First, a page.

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Winston v. Board of Education of Borough of South Plainfield

Decided: August 9, 1973.


Lora, Allcorn and Handler. Handler, A.j.a.d.


Appellant Marilyn Winston was an elementary school teacher employed by respondent Board of Education of South Plainfield (board). She had been employed in a nontenured capacity under annual contracts for each of the school years 1968-1969, 1969-1970 and 1970-1971. Her employment contract was not renewed for the year 1971-1972, and as a result she did not acquire tenure.

An evaluation report was submitted by Winston's principal on or about February 23, 1971. The board thereafter determined not to renew Winston's employment contract. Among other matters, the report contained "administrator's remarks" to the effect that Winston had been overly critical of administrative policy and action, had not sufficiently focused her attention on her duties and had not supported administrative policy and the like. On March 11, 1971 Winston invoked the grievance procedures provided in the current "collective bargaining agreement" between the board and appellant South Plainfield Education Association, the recognized exclusive representative of teachers and certain other employees of the board under the New Jersey Public Employer-Employee Relations Act, L. 1968, c. 303; N.J.S.A. 34:13A-1 et seq.

The gist of her grievance was the unfavorable evaluation report and, in particular, as set forth in Part 1, a claim that the report was "unconstitutional by penalizing the aggrieved [ i.e. Winston] for her proper exercise of the First

Amendment Guarantees of freedom of expression, etc." In the processing of her grievance Winston was represented by the Association. The grievance was taken through four administrative levels, including an appeal to the local board on April 30, 1971. The board concurred in the conclusion of the superintendent that the matters complained of were "non-grievable" and it rejected the grievance noting, in part, that "[a]lthough the grievance is couched in language suggesting violations of a constitutional dimension, it appears that the primary distress of the teacher is the possibility of her non-re-employment in the school system." It indicated further that the board was under "no compulsion to announce reasons for not re-hiring a probationary employee" and that Winston had not given any detailed support for her request for a hearing. The board also stated that it was "unable to conclude that the evaluation report submitted by Mr. Reilly [the principal] was composed with the intention of, or that it has a substantial tendency to, abridge Mrs. Winston's right to free speech * * *."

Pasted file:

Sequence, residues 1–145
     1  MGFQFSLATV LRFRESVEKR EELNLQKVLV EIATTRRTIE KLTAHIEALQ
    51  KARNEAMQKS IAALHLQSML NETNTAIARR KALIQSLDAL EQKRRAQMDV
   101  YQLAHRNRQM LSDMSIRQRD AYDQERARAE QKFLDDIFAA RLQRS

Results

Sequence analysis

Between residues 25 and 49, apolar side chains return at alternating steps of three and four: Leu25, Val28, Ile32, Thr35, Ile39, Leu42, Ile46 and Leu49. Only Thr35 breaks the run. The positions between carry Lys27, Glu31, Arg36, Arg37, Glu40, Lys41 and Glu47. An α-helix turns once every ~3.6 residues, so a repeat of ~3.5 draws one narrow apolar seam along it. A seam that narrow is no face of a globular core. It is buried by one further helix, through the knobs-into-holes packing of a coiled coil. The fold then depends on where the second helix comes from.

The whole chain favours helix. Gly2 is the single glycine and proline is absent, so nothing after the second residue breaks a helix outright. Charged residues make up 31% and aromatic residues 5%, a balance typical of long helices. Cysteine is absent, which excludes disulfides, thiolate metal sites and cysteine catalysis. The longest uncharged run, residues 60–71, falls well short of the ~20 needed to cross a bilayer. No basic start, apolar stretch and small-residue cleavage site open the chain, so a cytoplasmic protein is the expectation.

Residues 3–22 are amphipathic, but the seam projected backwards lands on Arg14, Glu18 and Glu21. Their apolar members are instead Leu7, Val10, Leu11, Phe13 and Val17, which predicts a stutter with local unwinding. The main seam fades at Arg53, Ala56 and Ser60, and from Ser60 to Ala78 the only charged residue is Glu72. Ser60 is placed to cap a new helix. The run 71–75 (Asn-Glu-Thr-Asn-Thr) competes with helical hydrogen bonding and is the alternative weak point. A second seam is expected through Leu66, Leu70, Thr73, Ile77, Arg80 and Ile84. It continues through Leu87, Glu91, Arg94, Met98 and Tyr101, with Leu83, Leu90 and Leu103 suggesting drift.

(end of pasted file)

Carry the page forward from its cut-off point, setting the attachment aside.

On May 18, 1971, about the same time that the board's decision was rendered, a list of teachers to be rehired was approved and Winston was not among them. Thereafter, on or about June 16, 1971, the Association on behalf of Winston endeavored to invoke the fifth level for processing grievances by demanding arbitration. It was alleged that there had been a denial of constitutional rights as well as a recommendation that Winston not be re-employed. At an arbitration hearing conducted on October 14, 1971 the issue of arbitrability was argued and the board was given the opportunity to seek judicial relief on this issue. It then filed an action on November 16, 1971 in the Superior Court, Chancery Division, which issued an injunction on Feburary 8, 1972 restraining the arbitration proceedings until administrative remedies had been exhausted.

There followed a petition of appeal to the Commissioner of Education. The board filed a motion to dismiss which was

argued before a Deputy Commissioner who presented a report to the Commissioner. The Commissioner ruled that the Association had no standing as a party to the proceedings and determined that Winston's appeal be dismissed. Both Winston and the Association appealed this determination to the State Board of Education which, after a referral of the matter to its Law Committee, affirmed the decision of the Commissioner.


Appellants contend that the Commissioner of Education erred in failing to afford them the opportunity to object to the report of the hearing examiner before issuing his decision. They also contend that the State Board of Education committed comparable error by not affording them the opportunity to object to the report of its Law Committee prior to the rendering of its decision.

The decision of the Commissioner makes it quite clear that he was furnished with and relied upon a report of the Deputy Commissioner designated as the hearing examiner who heard the appellants' petition in the first instance.*fn* Respondents argue that there was no requirement that the report of the hearing examiner be furnished the parties prior to its utilization by the Commissioner in deciding the controversy. Among the reasons advanced were that the Commissioner of Education is not the "head of the agency" within the meaning of N.J.S.A. 52:14B-10(c) and consequently the report of a hearing examiner designated by the Commissioner is not subject to the mandate of that statute; also, that since the Commissioner's decisions are

reviewed by the State Board of Education, the parties there have the opportunity "to except and object to the findings of fact and conclusions of law of both the Departmental hearing ...

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